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The Option Inspector


Many aspects of the Mathematica front end, such as the styles of cells, the appearance of notebooks, or the parameters used in typesetting, are controlled by options. For example, text attributes such as size, font, and color each correspond to a separate option. You can set options by directly editing the expression for a cell or notebook. But in most cases it is simpler to use the Option Inspector.
The Option Inspector is a special tool for viewing and modifying option settings. It provides a comprehensive listing of all front end options, grouped according to their function. You can specify not only the setting for an option, but also the level at which it will take effect: globally, for an entire notebook, or for a selection.
To use the Option Inspector, choose Format Option Inspector. This brings up a dialog box with two pop-up menus on top. The pop-up menu on the left specifies the level at which options will take effect. The pop-up menu on the right allows you to choose if you want the options listed by category, alphabetically, or as text.

Inheritance of Options

The Option Inspector allows you to set the value of an option on three different levels. In increasing order of precedence, the levels are as follows.
Global Preferences - settings for the entire application
Selected Notebook - settings for an entire notebook
Selection - settings for the current selection, e.g. for a group of cells, a single cell, or text within a cell
The levels lower in the hierarchy inherit their options from the level immediately above them. For example, if a notebook has the option Editable set to True, by default all cells in the notebook will be editable.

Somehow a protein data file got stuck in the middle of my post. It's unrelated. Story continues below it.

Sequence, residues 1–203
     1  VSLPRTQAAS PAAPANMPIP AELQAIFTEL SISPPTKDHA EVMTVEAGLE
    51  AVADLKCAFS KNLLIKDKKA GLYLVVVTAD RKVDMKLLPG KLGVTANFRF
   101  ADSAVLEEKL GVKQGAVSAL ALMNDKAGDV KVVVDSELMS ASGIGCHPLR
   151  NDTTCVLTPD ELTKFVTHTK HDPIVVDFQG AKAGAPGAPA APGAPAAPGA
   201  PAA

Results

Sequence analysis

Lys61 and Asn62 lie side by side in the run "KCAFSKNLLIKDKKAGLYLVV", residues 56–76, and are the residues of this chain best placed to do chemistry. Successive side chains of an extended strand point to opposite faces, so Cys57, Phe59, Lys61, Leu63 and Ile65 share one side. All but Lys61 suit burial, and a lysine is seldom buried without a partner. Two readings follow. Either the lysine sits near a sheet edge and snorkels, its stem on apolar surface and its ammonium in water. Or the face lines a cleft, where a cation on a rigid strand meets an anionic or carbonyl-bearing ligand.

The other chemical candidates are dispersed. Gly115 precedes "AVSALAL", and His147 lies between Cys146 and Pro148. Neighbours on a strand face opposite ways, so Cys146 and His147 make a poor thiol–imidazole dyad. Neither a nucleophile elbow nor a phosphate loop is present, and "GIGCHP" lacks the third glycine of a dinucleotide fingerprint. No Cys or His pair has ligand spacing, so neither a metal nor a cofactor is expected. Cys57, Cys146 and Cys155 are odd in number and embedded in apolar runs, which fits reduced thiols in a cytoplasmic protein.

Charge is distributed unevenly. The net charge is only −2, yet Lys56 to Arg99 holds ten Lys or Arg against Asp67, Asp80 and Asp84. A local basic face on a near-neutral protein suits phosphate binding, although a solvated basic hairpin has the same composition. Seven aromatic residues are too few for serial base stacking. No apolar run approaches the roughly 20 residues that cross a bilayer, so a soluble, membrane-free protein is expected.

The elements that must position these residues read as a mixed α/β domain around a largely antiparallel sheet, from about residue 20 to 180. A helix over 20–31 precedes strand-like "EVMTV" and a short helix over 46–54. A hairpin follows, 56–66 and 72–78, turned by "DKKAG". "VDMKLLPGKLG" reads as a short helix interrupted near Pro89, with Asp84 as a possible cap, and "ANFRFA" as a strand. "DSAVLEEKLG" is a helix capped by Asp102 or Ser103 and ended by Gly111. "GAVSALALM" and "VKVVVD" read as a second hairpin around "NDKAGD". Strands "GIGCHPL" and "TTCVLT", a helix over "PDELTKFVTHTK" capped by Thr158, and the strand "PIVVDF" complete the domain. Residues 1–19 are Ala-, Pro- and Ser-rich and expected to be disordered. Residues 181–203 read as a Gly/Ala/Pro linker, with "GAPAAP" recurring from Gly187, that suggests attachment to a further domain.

You can, however, override the inherited value of an option by explicitly changing its value. For example, if you do not want a particular cell in your notebook to be editable, you can select the cell and set Editable to False. This inheritance property of options provides you with a great deal of control over the behavior of the front end, since you can set any option to have different values at each level, as required.
Note: At each level, only the options that can be set at that level are listed in the Option Inspector. All other options appear dimmed, indicating that they cannot be changed unless you go to a higher or lower level.

Searching for an Option

To search for a specific option, begin typing its name in the text field. The Option Inspector goes to the first matching option. Press Enter to go to the next matching item on the list. (On Macintosh, the Option Inspector displays all matching options at once).
Each line in the list of options gives the option name followed by its current value. You can change the option's value by choosing from the popup menu next to the option setting, or by selecting the option and clicking the value, typing over it, and pressing Enter.
When you start Mathematica for the first time, the values of all the options are set to their default values. Each time you modify one of the options, a symbol appears next to it, indicating that the value has been changed. Clicking the symbol resets the option to its default value.

Setting Options: An Example

Suppose you want to draw a frame around a cell. The option that controls this property of a cell is called CellFrame.
To draw a frame around a cell:
1.  Select the cell by clicking on the cell bracket.
2.  Choose Format Option Inspector to open the Option Inspector window.
3.  Choose Selection from the first pop-up menu.
4.  Click Cell Options Display Options. This gives a list of all options that control how a cell is displayed in the notebook.
5.  Use the pop-up menu next to the option CellFrame to change the setting to "True." A symbol appears next to the option, indicating that its value has been changed. The cell that you had selected now has a frame drawn around it.
Alternatively, you can begin typing "cellframe" in the text field. This leads you directly to the CellFrame option without having to search by category. This feature provides a useful way to locate an option if you are unsure of the category it belongs in.